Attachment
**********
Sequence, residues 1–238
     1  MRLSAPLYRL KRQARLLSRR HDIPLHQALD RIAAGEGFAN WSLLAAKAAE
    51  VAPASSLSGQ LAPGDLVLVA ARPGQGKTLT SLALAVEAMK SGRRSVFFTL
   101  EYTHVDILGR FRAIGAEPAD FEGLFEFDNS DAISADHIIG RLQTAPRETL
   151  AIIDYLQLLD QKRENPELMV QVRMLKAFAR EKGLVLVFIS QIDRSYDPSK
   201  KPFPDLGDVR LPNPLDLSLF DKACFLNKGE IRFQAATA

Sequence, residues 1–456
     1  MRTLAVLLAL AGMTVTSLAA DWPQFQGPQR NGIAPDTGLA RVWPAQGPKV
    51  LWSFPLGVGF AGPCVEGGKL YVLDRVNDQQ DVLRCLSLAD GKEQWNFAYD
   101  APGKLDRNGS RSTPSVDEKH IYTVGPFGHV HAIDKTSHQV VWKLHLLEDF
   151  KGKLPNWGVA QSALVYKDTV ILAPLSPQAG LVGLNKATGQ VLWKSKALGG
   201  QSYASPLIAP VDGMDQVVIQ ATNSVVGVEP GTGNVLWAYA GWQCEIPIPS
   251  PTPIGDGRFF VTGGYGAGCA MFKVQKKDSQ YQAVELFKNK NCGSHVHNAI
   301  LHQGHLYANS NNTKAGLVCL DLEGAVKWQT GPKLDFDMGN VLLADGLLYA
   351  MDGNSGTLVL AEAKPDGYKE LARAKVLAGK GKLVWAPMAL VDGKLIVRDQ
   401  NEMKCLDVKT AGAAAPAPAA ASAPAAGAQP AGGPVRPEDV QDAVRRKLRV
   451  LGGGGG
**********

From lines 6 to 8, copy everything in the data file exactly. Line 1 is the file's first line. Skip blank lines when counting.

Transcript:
   201  KPFPDLGDVR LPNPLDLSLF DKACFLNKGE IRFQAATA

Sequence, residues 1–456
     1  MRTLAVLLAL AGMTVTSLAA DWPQFQGPQR NGIAPDTGLA RVWPAQGPKV